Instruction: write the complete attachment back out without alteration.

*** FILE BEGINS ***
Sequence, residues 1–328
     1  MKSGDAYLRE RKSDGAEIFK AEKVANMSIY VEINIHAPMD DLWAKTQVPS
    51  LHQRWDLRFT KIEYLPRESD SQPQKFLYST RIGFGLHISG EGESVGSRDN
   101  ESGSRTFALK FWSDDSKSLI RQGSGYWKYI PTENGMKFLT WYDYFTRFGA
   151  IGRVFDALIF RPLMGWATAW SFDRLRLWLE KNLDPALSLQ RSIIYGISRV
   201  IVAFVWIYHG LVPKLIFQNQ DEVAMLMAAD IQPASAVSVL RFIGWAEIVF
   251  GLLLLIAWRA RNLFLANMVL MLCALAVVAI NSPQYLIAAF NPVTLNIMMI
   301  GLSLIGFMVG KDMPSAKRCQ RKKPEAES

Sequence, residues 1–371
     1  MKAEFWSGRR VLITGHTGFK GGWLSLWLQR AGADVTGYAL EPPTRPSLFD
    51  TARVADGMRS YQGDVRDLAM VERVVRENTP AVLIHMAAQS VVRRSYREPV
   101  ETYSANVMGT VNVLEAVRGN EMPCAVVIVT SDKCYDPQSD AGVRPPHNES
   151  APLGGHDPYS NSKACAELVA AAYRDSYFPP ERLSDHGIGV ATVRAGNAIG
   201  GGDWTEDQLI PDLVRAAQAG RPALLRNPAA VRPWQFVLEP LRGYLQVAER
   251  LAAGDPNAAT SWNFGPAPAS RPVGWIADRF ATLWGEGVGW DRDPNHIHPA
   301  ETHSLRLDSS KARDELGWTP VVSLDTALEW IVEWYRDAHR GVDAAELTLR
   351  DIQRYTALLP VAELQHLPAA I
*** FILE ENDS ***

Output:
Sequence, residues 1–328
     1  MKSGDAYLRE RKSDGAEIFK AEKVANMSIY VEINIHAPMD DLWAKTQVPS
    51  LHQRWDLRFT KIEYLPRESD SQPQKFLYST RIGFGLHISG EGESVGSRDN
   101  ESGSRTFALK FWSDDSKSLI RQGSGYWKYI PTENGMKFLT WYDYFTRFGA
   151  IGRVFDALIF RPLMGWATAW SFDRLRLWLE KNLDPALSLQ RSIIYGISRV
   201  IVAFVWIYHG LVPKLIFQNQ DEVAMLMAAD IQPASAVSVL RFIGWAEIVF
   251  GLLLLIAWRA RNLFLANMVL MLCALAVVAI NSPQYLIAAF NPVTLNIMMI
   301  GLSLIGFMVG KDMPSAKRCQ RKKPEAES

Sequence, residues 1–371
     1  MKAEFWSGRR VLITGHTGFK GGWLSLWLQR AGADVTGYAL EPPTRPSLFD
    51  TARVADGMRS YQGDVRDLAM VERVVRENTP AVLIHMAAQS VVRRSYREPV
   101  ETYSANVMGT VNVLEAVRGN EMPCAVVIVT SDKCYDPQSD AGVRPPHNES
   151  APLGGHDPYS NSKACAELVA AAYRDSYFPP ERLSDHGIGV ATVRAGNAIG
   201  GGDWTEDQLI PDLVRAAQAG RPALLRNPAA VRPWQFVLEP LRGYLQVAER
   251  LAAGDPNAAT SWNFGPAPAS RPVGWIADRF ATLWGEGVGW DRDPNHIHPA
   301  ETHSLRLDSS KARDELGWTP VVSLDTALEW IVEWYRDAHR GVDAAELTLR
   351  DIQRYTALLP VAELQHLPAA I